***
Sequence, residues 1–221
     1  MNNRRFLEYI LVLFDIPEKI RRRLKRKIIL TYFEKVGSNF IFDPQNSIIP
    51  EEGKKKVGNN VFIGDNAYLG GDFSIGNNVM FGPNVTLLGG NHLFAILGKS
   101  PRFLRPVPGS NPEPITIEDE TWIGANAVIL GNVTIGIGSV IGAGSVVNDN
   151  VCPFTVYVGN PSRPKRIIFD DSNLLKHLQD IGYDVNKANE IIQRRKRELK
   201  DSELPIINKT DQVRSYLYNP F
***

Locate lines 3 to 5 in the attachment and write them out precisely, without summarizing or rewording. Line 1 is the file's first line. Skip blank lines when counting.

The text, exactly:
    51  EEGKKKVGNN VFIGDNAYLG GDFSIGNNVM FGPNVTLLGG NHLFAILGKS
   101  PRFLRPVPGS NPEPITIEDE TWIGANAVIL GNVTIGIGSV IGAGSVVNDN
   151  VCPFTVYVGN PSRPKRIIFD DSNLLKHLQD IGYDVNKANE IIQRRKRELK